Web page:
Inequality, Grievances and Civil War Workshop

Looking out across the bay at some of the most expensive land in the world. Photo: Shreyans Bhansali/flickr

The workshop Inequality, Grievances and Civil War took place on the 11th and 12th of November 2011 and was hosted by the Center for Comparative and International Studies (CIS) of the ETH and the University of Zurich. Bringing together some of the leading researchers on group equalities and civil war, the aim of the workshop was to present new research on the role of inequality, geography, mobilization and institutions in explaining conflict onset and termination. Highly anticipated amongst participants, however, was the unveiling of the new GROWup(Geographic Research on War: Unified Platform) data portal.

Friday’s first session addressed ‘Horizontal Inequalities’ and was kicked off by Dr. Frances Stewart of the University of Oxford, presenting her paper “Horizontal inequalities at a global level: the case of Muslims versus the rest”. By placing horizontal inequalities as inequalities in economic and political resources between culturally defined groups, Stewart argued that global horizontal inequalities have similar implications to national ones. Stewart stressed that existing inequalities are a source of insecurity and can raise the risk of conflict globally. Hence, horizontal inequalities, whether they are cultural, political or economic, need to be addressed both on the national and the international level.

The Case for Rebel Victory

A mappa mundi from the 18th century
A Mappa Mundi from the 18th century Photo: Norman B. Leventhal Center/ flickr

In the Spring 2010 issue of International Security, Monica Duffy Toft offered up a rather ‘untimely meditation.’  Civil wars, she suggests here, are, on average, better left to reach their own conclusions — i.e., the victory of one side over the other — rather than frozen in negotiated settlements of the kind that  became more common in the 1990s, after the end of the Cold War.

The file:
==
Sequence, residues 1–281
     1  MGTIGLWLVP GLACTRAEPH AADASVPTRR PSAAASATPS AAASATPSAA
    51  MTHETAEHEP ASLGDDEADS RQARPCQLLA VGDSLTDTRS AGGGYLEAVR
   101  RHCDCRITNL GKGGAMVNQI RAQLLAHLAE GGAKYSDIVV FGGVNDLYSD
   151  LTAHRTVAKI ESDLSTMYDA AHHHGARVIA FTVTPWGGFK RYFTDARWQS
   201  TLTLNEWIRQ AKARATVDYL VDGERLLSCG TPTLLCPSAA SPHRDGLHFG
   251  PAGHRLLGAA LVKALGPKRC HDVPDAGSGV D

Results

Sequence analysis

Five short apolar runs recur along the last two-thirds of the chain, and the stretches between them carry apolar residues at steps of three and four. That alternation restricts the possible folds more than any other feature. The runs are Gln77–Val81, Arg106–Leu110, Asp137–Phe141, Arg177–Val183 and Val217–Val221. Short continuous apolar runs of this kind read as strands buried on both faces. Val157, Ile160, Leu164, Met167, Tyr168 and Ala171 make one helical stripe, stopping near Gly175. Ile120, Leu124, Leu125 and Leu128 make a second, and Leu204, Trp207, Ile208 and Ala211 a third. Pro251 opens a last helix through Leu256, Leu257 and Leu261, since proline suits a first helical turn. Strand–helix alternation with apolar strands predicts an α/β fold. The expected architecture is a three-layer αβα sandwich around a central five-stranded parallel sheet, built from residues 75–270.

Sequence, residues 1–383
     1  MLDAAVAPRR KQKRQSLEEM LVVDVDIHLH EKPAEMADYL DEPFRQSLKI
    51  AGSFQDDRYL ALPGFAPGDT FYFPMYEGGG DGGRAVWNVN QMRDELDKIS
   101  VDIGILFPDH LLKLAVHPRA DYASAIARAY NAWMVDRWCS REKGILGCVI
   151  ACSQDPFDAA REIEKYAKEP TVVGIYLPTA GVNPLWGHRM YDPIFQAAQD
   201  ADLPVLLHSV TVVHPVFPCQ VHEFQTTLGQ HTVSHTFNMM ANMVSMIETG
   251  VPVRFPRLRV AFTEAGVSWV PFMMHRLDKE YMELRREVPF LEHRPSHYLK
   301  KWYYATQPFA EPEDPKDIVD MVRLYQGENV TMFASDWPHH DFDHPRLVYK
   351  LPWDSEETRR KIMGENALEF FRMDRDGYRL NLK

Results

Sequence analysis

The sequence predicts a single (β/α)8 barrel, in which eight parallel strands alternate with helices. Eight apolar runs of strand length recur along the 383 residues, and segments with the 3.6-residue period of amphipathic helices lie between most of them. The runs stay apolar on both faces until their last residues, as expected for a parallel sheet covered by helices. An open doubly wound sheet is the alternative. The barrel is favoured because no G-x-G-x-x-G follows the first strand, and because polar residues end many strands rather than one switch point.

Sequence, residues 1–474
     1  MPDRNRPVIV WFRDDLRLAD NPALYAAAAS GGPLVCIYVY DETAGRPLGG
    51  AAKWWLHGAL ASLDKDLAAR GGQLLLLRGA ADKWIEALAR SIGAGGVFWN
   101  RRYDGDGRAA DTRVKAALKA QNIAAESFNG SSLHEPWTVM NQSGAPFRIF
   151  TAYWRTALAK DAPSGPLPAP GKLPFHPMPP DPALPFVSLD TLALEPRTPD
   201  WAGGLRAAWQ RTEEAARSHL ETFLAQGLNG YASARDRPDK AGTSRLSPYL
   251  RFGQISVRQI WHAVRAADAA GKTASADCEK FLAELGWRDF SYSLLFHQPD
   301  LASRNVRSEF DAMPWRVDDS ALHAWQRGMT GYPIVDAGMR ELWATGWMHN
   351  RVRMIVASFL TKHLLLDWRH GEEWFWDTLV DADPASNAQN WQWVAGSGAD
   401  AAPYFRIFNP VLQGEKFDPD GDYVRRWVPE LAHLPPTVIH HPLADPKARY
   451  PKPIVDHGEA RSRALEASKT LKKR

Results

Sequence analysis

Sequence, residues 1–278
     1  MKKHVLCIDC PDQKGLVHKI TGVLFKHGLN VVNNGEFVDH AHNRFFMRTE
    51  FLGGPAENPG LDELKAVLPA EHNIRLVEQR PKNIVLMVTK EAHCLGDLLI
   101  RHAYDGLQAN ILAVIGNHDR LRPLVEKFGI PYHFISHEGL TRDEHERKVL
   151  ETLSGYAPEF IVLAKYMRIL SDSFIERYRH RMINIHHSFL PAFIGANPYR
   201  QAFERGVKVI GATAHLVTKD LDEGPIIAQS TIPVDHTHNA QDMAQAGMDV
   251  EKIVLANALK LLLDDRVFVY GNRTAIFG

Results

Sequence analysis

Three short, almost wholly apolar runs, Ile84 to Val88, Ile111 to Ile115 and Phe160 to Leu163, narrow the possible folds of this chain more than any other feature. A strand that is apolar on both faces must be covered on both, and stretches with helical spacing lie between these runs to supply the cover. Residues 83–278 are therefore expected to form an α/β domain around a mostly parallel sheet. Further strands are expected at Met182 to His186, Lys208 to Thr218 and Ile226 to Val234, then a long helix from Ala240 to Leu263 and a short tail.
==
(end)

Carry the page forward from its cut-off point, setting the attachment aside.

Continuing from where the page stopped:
According to Toft’s statistical analysis of 118 civil wars over the period 1940 – 2002, “victory [by either side] reduces the likelihood of civil war recurrence by 24 percent, relative to all other types of termination,” and “negotiated settlements increase the likelihood of recurrence by 27 percent.”   Moreover, the statistical relationship between victory and non-recurrence seemed to be driven principally by rebel victories, rather than victories by government forces.  What should we make of this?

Toft takes care to distinguish civil wars from other forms of political violence. Excluded are other types of intra-state conflict, such as small-scale or low-intensity insurgencies, which involved fewer than 1,000 casualties per year; conflicts in which control over the central political apparatus was not at stake; enormously one-sided conflicts which may be better described as massacres or genocides; and conflicts between sets of non-state actors. The analysis also covers only completed civil wars, which Toft defines as those that in 2007 had experienced ‘no violence for at least 5 years.’

Going Down the Afghan Road

Look familiar? Picture of a Yemeni refugee camp, courtesy of IRIN Photos/flickr